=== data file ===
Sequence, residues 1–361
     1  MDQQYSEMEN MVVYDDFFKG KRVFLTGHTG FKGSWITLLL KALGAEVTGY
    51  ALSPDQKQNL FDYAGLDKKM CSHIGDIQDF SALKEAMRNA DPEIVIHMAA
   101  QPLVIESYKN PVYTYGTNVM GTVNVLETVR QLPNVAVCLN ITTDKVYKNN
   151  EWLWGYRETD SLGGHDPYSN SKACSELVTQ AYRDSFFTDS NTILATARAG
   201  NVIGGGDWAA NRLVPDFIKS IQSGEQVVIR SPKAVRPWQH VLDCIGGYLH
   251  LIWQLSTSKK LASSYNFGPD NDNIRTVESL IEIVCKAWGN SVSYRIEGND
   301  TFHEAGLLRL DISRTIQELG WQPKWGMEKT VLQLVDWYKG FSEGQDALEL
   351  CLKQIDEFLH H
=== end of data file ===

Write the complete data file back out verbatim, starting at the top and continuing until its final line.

Sequence, residues 1–361
     1  MDQQYSEMEN MVVYDDFFKG KRVFLTGHTG FKGSWITLLL KALGAEVTGY
    51  ALSPDQKQNL FDYAGLDKKM CSHIGDIQDF SALKEAMRNA DPEIVIHMAA
   101  QPLVIESYKN PVYTYGTNVM GTVNVLETVR QLPNVAVCLN ITTDKVYKNN
   151  EWLWGYRETD SLGGHDPYSN SKACSELVTQ AYRDSFFTDS NTILATARAG
   201  NVIGGGDWAA NRLVPDFIKS IQSGEQVVIR SPKAVRPWQH VLDCIGGYLH
   251  LIWQLSTSKK LASSYNFGPD NDNIRTVESL IEIVCKAWGN SVSYRIEGND
   301  TFHEAGLLRL DISRTIQELG WQPKWGMEKT VLQLVDWYKG FSEGQDALEL
   351  CLKQIDEFLH H